By Emma Una, CALABAR

THE media has been urged to be deliberate and intentional in reporting women the same way men are given visibility in their reportage.

Mrs Toun Sonaiya , Chief Executive Officer, Women Radio 91.7 made the call in Calabar, while declaring open a two-day training for media practitioners drawn from different media organisations facilitated by United Nations Women and government of Canada held in Calabar.

She said most times women are not given adequate media coverage and  visibility accorded to men which is the reason most women fizzle out of limelight no matter the positions they have occupied and their achievements and contributions to society.

“We in the media report more about the men while the women are hardly in the news and most times when women are in the news it is a for trivial or negative reasons,” she said.

She pushed forward  the acronym, RUSH which she translates as Report Her Until Something Happens , impressing it on media practitioners to be persistent in reporting women.

She said particularly those in leadership positions and highlighting their contributions and achievements not as a one off matter but continuous mainstreaming to give them the necessary visibility.

“They may be complaints that the women are not forthcoming in seeking media coverage but we can research about them and also search them out the way we do for the men because some of them shy away from the media for fear of not being  misquoted.

“However, if they read a good report done on them , they would have to choice than to relate with the media regularly,” she added.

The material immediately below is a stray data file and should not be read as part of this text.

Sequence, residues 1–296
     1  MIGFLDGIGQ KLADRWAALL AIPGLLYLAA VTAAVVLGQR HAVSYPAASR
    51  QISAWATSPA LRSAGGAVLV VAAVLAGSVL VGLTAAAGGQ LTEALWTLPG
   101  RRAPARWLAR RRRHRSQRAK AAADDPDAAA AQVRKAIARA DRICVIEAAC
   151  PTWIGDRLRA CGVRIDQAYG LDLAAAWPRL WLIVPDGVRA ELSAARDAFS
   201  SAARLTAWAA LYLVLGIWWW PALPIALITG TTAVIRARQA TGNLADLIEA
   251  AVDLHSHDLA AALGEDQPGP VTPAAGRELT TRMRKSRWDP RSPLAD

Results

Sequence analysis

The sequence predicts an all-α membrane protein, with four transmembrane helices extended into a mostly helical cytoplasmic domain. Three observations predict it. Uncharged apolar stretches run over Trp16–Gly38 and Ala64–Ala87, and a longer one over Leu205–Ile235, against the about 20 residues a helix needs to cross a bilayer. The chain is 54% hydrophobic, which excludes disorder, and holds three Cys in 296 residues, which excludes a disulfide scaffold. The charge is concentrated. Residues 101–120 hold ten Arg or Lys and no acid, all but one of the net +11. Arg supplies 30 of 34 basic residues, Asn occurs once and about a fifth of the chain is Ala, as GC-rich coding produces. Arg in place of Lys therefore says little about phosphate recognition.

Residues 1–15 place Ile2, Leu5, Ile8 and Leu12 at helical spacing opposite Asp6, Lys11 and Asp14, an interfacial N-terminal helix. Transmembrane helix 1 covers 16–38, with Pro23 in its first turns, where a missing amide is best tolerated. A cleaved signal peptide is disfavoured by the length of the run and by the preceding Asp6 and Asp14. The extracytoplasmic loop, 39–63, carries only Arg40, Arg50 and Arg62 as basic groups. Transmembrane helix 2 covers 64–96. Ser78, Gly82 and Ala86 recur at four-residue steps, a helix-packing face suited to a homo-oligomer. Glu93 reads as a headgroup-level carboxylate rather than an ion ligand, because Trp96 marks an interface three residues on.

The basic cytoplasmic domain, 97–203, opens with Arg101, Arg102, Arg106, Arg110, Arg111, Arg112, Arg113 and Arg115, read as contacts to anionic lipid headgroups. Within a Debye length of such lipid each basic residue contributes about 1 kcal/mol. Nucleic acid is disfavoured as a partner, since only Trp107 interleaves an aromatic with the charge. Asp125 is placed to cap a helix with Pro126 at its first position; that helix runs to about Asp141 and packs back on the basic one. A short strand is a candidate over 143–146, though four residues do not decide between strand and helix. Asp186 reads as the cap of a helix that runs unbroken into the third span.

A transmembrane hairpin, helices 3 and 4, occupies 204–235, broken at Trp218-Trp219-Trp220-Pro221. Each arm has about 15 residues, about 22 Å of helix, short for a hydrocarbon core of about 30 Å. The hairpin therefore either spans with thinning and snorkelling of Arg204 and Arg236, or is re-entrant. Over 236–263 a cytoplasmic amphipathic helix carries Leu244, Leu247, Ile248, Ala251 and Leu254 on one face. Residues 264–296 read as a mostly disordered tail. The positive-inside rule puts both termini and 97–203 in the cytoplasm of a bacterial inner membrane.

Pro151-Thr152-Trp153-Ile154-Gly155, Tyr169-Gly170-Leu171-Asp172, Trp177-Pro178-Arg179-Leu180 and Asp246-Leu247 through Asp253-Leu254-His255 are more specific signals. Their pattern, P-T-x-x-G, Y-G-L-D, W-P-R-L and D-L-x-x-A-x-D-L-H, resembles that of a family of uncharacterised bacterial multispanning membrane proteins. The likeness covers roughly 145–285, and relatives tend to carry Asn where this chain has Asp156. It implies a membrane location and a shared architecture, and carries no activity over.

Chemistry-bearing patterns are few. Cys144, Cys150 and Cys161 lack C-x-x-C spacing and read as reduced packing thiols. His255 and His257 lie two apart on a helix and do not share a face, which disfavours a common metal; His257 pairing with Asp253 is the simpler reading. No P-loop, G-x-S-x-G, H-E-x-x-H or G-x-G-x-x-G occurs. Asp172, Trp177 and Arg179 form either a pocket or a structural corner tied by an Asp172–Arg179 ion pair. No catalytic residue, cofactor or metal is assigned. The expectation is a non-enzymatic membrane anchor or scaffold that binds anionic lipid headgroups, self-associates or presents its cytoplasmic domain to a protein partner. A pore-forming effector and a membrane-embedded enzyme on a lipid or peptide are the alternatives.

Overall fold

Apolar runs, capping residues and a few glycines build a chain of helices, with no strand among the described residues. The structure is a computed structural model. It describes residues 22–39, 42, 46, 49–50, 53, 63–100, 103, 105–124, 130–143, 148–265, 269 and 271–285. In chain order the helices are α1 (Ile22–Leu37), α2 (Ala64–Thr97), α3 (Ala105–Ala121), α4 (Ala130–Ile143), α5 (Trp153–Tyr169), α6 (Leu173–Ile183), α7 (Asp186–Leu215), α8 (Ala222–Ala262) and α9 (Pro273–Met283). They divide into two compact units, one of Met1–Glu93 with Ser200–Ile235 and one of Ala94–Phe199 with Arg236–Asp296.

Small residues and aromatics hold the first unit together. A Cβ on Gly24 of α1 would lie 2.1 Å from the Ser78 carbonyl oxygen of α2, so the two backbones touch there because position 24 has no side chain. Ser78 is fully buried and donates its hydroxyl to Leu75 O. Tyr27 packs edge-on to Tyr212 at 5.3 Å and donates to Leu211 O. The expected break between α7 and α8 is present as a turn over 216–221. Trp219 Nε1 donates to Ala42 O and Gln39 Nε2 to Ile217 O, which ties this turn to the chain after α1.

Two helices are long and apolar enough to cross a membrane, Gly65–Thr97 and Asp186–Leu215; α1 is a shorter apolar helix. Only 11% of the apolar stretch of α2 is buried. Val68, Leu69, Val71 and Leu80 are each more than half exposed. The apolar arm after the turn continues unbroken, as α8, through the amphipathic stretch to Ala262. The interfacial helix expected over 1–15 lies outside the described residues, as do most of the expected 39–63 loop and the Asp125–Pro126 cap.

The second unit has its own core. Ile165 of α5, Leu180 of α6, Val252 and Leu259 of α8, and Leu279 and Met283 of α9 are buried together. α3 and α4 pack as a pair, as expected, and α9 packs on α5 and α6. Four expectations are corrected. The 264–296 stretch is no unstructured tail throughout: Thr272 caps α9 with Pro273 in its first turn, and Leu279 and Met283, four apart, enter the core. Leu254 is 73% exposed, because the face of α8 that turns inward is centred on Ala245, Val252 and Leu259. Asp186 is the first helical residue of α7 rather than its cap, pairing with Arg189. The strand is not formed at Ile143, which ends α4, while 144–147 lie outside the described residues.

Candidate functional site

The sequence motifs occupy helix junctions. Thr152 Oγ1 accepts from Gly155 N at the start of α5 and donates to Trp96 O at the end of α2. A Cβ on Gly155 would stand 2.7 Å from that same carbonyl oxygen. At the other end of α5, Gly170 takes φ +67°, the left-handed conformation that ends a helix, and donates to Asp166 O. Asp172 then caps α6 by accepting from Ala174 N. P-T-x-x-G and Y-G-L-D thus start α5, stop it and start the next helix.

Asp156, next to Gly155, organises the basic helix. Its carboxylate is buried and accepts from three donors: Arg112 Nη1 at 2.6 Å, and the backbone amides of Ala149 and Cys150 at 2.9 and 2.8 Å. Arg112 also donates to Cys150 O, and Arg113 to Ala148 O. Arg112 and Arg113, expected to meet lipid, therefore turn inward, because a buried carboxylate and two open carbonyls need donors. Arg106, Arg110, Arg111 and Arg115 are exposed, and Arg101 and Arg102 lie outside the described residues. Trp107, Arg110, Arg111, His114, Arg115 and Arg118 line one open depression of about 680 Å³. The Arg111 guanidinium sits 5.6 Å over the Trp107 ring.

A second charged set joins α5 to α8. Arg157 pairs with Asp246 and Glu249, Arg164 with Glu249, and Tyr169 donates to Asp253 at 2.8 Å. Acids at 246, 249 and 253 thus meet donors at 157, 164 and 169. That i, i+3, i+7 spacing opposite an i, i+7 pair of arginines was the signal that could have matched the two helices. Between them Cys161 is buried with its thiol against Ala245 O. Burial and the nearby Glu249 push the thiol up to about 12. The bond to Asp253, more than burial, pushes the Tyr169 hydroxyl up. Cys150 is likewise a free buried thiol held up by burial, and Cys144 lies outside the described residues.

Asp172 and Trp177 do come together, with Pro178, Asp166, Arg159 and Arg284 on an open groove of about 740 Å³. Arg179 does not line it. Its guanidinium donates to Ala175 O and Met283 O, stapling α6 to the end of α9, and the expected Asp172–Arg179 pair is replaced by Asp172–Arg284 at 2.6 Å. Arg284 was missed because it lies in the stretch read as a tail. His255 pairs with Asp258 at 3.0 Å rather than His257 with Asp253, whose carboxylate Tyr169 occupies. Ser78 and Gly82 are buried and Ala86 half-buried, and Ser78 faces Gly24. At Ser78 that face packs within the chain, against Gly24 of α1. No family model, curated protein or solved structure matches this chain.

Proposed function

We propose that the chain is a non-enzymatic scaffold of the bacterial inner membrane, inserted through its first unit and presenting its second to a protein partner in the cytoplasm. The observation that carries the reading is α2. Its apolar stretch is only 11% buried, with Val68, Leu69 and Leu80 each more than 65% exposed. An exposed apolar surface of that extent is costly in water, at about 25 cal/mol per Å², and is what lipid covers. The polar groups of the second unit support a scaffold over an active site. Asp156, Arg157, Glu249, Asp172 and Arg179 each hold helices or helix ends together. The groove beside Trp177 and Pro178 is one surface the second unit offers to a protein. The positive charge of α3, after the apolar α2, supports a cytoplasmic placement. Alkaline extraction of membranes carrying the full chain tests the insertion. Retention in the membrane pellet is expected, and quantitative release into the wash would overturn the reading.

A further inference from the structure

She called for fair and positive reports on women  to shape the opinion of members of their  communities or constituencies on the role she  is playing or is capable of playing for the betterment of society.

“If you do a research  on Mrs Hilary Clinton, you would see thousands of reports on her hair style which in no way relate to what she is capable of doing or what is in her brain.

“We should focus on what a woman can contribute to the  society and not concentrate on her marital life or social status.”

Dr Rose Oyama, the Cross River State Chairman of International Federation of Women Lawyers, FIDA, in her remarks said the media is the first port of call in informing society on what is happening and as such there should be equity and fairness in reporting both men and women in leadership.

She said: “If women are carried along the same way men are carried along in media publications, then there would be no need for us to gather here and talk about women.

“But that is hardly the case which is the reason we are here  to emphasise on fair media reports for both men and women.”

She said FIDA strives for a just and equitable society for women and children the same way with the men and called on those who have need for representation when their rights are trampled upon to contact the organisation.


Comments expressed here do not reflect the opinions of vanguard newspapers or any employee thereof.